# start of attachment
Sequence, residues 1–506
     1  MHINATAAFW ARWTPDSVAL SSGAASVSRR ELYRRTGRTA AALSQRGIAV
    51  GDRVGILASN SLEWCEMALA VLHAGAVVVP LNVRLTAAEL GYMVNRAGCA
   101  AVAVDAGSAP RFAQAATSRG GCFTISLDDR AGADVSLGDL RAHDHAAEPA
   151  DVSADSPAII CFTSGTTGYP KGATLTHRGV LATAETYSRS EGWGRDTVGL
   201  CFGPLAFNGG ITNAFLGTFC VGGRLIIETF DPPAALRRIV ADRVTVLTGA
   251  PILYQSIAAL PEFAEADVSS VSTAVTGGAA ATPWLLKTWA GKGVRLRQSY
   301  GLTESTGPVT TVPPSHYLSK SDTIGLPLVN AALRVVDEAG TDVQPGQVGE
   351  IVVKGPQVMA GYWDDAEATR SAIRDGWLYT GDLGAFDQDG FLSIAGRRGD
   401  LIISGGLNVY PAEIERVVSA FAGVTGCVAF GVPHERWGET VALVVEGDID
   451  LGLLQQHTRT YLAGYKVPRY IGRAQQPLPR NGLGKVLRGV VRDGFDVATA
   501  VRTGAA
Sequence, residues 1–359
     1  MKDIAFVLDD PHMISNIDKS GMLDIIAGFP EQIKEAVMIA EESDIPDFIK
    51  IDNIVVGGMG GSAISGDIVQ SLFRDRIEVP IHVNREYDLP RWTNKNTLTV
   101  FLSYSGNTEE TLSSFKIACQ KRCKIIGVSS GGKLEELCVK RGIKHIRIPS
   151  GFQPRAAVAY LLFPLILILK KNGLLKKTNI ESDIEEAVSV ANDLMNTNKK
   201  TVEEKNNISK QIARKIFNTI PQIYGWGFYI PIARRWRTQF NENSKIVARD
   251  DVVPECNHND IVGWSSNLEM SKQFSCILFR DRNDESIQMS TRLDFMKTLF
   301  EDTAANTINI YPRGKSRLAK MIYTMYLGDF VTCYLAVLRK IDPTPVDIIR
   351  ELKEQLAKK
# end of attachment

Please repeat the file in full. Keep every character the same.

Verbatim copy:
Sequence, residues 1–506
     1  MHINATAAFW ARWTPDSVAL SSGAASVSRR ELYRRTGRTA AALSQRGIAV
    51  GDRVGILASN SLEWCEMALA VLHAGAVVVP LNVRLTAAEL GYMVNRAGCA
   101  AVAVDAGSAP RFAQAATSRG GCFTISLDDR AGADVSLGDL RAHDHAAEPA
   151  DVSADSPAII CFTSGTTGYP KGATLTHRGV LATAETYSRS EGWGRDTVGL
   201  CFGPLAFNGG ITNAFLGTFC VGGRLIIETF DPPAALRRIV ADRVTVLTGA
   251  PILYQSIAAL PEFAEADVSS VSTAVTGGAA ATPWLLKTWA GKGVRLRQSY
   301  GLTESTGPVT TVPPSHYLSK SDTIGLPLVN AALRVVDEAG TDVQPGQVGE
   351  IVVKGPQVMA GYWDDAEATR SAIRDGWLYT GDLGAFDQDG FLSIAGRRGD
   401  LIISGGLNVY PAEIERVVSA FAGVTGCVAF GVPHERWGET VALVVEGDID
   451  LGLLQQHTRT YLAGYKVPRY IGRAQQPLPR NGLGKVLRGV VRDGFDVATA
   501  VRTGAA
Sequence, residues 1–359
     1  MKDIAFVLDD PHMISNIDKS GMLDIIAGFP EQIKEAVMIA EESDIPDFIK
    51  IDNIVVGGMG GSAISGDIVQ SLFRDRIEVP IHVNREYDLP RWTNKNTLTV
   101  FLSYSGNTEE TLSSFKIACQ KRCKIIGVSS GGKLEELCVK RGIKHIRIPS
   151  GFQPRAAVAY LLFPLILILK KNGLLKKTNI ESDIEEAVSV ANDLMNTNKK
   201  TVEEKNNISK QIARKIFNTI PQIYGWGFYI PIARRWRTQF NENSKIVARD
   251  DVVPECNHND IVGWSSNLEM SKQFSCILFR DRNDESIQMS TRLDFMKTLF
   301  EDTAANTINI YPRGKSRLAK MIYTMYLGDF VTCYLAVLRK IDPTPVDIIR
   351  ELKEQLAKK